The father in such a case is not considered to have transgressed G-d's commandment. On the contrary, he is forbidden to circumcise a sick child, for pikuach nefesh, a threat to life, supersedes all the Torah's commands.[236] Nevertheless, the actual performance of the mitzvah is lacking. As the Rambam explains, we are permitted to circumcise a child only when he is healthy, because: "A threat to life takes precedence over everything. It is possible to circumcise [a child] afterwards, but it is impossible to ever bring a Jewish soul back [to life]."[237]

The above conclusion is, however, unwarranted, as can be seen by a careful examination of the wording used by the Rambam, who alludes to two reasons for the delay of the mitzvah: a) "a threat to life takes precedence over everything," and b) "it is possible to circumcise [a child] afterwards...," i.e., the mitzvah is not nullified.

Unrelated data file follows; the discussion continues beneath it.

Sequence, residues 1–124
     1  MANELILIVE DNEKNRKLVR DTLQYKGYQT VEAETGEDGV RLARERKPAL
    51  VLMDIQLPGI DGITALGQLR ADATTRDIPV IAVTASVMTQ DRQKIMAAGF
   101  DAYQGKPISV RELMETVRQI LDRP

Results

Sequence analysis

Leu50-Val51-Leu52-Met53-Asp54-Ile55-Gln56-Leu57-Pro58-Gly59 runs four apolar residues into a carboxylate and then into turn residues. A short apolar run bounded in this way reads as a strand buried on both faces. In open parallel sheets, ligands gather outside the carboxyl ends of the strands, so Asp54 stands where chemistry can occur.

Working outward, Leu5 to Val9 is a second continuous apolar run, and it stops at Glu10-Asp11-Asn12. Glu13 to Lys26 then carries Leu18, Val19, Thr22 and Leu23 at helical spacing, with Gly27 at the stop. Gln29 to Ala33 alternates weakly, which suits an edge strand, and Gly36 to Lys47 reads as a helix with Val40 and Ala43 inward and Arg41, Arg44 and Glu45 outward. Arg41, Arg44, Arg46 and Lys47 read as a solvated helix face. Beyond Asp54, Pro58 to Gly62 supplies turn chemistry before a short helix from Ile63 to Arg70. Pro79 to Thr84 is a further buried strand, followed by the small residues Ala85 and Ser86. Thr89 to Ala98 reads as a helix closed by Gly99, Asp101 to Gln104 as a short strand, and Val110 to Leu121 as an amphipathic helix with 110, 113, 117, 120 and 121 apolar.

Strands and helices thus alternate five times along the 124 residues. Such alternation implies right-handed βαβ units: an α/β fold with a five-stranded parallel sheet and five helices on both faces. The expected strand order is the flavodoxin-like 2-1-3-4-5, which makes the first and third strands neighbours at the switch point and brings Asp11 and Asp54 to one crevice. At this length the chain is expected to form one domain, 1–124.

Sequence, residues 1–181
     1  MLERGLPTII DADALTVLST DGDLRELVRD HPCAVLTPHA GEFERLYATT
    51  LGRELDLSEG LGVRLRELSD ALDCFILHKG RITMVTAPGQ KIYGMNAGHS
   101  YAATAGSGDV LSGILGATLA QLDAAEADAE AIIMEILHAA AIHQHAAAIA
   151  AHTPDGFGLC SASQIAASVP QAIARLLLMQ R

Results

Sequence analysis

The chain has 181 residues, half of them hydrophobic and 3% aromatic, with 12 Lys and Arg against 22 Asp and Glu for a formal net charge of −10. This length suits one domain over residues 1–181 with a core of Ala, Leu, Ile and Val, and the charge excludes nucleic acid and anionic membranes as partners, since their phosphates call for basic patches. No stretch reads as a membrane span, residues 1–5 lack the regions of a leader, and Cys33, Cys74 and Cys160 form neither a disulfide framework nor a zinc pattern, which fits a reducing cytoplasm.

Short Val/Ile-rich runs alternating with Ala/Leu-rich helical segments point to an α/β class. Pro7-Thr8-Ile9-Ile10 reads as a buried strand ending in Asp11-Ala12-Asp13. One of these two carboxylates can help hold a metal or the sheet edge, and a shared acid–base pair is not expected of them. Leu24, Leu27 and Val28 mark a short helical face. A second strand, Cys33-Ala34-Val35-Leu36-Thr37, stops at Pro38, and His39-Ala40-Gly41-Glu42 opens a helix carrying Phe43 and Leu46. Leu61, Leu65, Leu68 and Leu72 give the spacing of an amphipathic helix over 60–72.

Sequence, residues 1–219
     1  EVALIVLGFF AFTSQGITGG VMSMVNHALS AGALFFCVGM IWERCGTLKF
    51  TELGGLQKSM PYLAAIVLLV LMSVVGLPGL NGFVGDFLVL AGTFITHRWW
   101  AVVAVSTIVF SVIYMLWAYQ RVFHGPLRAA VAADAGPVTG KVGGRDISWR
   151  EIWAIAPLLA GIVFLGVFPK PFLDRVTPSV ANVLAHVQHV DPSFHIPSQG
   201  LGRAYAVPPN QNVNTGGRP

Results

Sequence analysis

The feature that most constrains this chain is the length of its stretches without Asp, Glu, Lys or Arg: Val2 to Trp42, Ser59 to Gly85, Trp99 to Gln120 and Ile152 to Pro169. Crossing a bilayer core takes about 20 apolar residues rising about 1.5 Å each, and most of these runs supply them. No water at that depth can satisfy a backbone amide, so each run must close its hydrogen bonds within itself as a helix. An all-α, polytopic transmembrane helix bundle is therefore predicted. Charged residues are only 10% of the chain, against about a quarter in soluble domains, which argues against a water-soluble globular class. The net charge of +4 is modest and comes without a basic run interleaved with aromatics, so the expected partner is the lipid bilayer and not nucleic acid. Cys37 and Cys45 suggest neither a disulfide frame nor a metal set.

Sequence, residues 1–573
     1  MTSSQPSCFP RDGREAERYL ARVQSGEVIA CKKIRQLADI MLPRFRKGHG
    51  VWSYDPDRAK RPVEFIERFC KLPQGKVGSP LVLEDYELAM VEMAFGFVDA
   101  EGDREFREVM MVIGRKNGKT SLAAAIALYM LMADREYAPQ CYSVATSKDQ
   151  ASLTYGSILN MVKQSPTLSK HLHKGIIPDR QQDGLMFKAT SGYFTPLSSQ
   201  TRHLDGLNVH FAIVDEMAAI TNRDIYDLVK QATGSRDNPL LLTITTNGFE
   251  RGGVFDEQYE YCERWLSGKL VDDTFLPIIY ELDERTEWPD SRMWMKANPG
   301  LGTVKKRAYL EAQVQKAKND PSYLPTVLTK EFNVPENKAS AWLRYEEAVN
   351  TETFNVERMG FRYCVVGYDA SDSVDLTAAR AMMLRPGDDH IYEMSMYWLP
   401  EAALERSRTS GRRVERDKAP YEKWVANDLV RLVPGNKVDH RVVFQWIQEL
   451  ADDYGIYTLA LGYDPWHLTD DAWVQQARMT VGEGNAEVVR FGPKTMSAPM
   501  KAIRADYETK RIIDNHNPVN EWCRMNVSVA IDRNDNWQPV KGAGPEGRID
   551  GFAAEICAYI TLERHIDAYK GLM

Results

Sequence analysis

The first reason states the importance of pikuach nefesh. Even if there is no possibility of performing the circumcision afterwards, the threat to life takes precedence. By adding the second reason, the Rambam implies that the mitzvah which one fulfills afterwards makes up for the previous days, and even enables one to attain the advantages of circumcision "at the appropriate time." If the mitzvah affected only the coming days, the rationale that "it is possible to circumcise [a child] afterwards" would not be sufficient in its own right, for the uncircumsized state of the initial days would not have been corrected, and the advantage of fulfilling the mitzvah at the appropriate time would be lacking.